TVonics DVR-250 Freeview Playback DVR
Sky+ functionality... on Freeview
Don't expect to copy your most precious recordings off the box and onto a computer, either for viewing, for back-up or archiving to DVD. Unlike some other DVRs, the TVonics box has no serial or USB ports for this - or for applying system software updates directly.
TVonics' DVR-250: small box, smaller carbon footprint
The DVR-250 primarily uses the EPG to select content for recording, but you can also programme it VCR-style by entering specific times. You can begin watching a programme that's already begun being recorded - the so-called 'chase mode' - and even watch live TV in slo mo, which is fun to try, but not something you'll do frequently, I suspect. The box will apparently automatically adjust the programme recording time to match any changes in schedule caused by breaking news items or over-running sports events.
Now, exactly how big a threat DVRs are to the delicate balance of the planet's ecosystem is not currently the subject of much in the way of scientific debate. We can find nothing in the Kyoto Treaty about it and Al Gore hasn't returned my calls. But in standby mode - which, let's face it, will be pretty much all the time you're not actually using the thing - the DVR-250 consumes a piddling 3W of power, jumping up to a hardly city-darkening 20W when it is doing its thing at full tilt. Now we're pretty sure that not taking a shower for a week would save way, way more energy, though you'd find yourself standing alone at parties. All joking aside, TVonics has made a laudable effort to reduce its gadget's carbon footprint.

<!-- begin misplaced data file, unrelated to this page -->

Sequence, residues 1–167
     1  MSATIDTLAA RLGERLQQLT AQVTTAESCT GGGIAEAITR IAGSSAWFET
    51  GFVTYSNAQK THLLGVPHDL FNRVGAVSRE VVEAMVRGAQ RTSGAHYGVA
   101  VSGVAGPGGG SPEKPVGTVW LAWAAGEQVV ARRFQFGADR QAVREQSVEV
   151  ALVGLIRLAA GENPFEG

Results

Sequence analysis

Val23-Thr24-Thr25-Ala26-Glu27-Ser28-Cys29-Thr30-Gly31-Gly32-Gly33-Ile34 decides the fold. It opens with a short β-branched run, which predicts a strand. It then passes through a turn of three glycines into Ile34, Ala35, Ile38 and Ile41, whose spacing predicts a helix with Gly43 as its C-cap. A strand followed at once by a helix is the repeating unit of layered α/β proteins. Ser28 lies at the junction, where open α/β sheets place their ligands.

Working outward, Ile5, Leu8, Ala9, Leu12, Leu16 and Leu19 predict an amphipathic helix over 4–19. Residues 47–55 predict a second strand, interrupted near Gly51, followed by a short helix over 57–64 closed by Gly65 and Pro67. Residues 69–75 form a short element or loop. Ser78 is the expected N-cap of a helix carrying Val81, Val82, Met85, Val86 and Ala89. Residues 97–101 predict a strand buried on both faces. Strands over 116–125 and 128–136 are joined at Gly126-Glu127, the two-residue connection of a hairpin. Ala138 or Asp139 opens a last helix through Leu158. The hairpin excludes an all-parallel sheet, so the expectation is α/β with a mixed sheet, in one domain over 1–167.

So, should every home have one? Well, we're not keen to hand my DVR-250 back, we can tell you that much. It looks the part, is easy both to set up and to use and is pretty decent value. So in short, yes. If price is your only problem, the DVR-250 has a smaller brother, the DVR-150, which is pretty much the same but comes with a 160GB drive - good for about 80-odd hours of content - and costs around £150.